The Siege of Leningrad

The Siege of Leningrad

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The Siege of Leningrad by the German Armed Forces began on 8 September 1941 and ended on 27 January 1944. For 872 days the city was surrounded. Within, the inhabitants fell into despair, starvation and cannibalism. “A boy had died, and his mother put his body in the window frame. She didn't have the strength to bury him. Then she cut off pieces of him bit by bit to feed her daughter.” The desperation didn’t begin to subside until the spring of 1942, when aid packages reached the city via Lake Ladoga, and yet, despite the protestations of the Soviet propaganda machine, it was still not possible to feed all of Leningrad’s population. Well over a million people lost their lives during this period. It is a remarkable story both of heroism and mankind’s failings – and one of the worst atrocities carried out by Germany during the Second World War. The unbreakable will and suffering of the people of modern day St Petersburg remains, to this day, the stuff of legend. In her book “Blockade”, the British historian Anna Reid describes the events of 1941 and 1942. Her new, comprehensive study is based on eyewitness accounts and files of the NKWD, the Soviet Internal Affairs Ministry. Michael Kloft has interviewed her in detail for this documentary. Co-author Anna Sadovnikova has managed to find eyewitnesses in her hometown of St Petersburg who still recall the dramatic events. Along with rarely seen film and photographic material, original diaries and documents from the time illustrate the indescribable tragedy.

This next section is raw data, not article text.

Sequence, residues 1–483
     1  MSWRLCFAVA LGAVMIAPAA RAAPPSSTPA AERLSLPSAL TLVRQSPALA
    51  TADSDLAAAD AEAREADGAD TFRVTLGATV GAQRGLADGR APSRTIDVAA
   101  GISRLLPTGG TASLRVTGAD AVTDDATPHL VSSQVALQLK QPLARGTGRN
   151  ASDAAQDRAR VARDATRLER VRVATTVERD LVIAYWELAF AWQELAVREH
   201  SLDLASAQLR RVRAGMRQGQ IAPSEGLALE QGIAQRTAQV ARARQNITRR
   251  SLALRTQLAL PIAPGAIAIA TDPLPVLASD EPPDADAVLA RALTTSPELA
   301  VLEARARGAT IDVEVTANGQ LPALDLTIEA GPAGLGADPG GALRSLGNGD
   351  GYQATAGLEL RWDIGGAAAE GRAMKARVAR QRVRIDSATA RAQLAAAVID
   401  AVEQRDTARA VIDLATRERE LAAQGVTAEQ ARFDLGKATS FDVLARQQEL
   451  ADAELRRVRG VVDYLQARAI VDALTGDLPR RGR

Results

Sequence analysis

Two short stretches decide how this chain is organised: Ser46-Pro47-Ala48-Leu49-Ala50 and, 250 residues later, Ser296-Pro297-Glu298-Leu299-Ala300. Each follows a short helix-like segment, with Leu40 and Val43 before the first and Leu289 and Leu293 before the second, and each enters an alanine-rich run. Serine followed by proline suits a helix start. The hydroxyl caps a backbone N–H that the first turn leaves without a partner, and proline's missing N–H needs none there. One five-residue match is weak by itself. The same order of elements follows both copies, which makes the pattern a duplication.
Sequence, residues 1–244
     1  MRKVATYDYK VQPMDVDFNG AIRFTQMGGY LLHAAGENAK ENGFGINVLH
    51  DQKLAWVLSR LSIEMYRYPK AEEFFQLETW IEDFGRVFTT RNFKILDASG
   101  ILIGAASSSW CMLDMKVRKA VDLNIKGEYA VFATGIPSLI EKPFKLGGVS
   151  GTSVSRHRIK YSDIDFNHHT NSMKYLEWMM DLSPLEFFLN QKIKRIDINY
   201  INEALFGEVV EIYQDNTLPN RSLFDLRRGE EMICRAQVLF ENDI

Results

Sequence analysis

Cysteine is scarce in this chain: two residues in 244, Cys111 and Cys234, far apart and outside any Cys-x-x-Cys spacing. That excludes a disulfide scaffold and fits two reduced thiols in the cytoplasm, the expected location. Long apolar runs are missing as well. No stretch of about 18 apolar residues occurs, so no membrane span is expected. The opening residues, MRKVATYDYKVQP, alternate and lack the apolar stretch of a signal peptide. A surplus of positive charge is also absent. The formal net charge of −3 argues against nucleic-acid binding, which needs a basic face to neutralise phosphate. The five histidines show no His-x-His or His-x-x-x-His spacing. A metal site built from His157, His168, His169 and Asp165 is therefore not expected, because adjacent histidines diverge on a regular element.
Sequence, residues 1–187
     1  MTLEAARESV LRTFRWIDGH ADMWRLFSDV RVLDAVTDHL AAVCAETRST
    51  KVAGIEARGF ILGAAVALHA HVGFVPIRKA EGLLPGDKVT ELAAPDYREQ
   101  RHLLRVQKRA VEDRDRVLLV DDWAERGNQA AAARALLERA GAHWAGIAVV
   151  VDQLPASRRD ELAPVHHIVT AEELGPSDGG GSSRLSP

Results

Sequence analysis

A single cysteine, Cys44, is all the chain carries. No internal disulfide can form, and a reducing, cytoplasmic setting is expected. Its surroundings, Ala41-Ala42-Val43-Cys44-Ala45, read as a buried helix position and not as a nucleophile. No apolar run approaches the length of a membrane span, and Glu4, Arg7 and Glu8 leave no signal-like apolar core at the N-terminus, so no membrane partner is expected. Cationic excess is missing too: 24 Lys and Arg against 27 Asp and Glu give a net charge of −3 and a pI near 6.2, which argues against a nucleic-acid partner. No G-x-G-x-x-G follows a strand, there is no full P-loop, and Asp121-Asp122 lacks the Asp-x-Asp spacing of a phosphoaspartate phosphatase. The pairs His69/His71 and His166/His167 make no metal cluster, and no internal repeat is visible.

Starring Anna Reid
Director Michael Kloft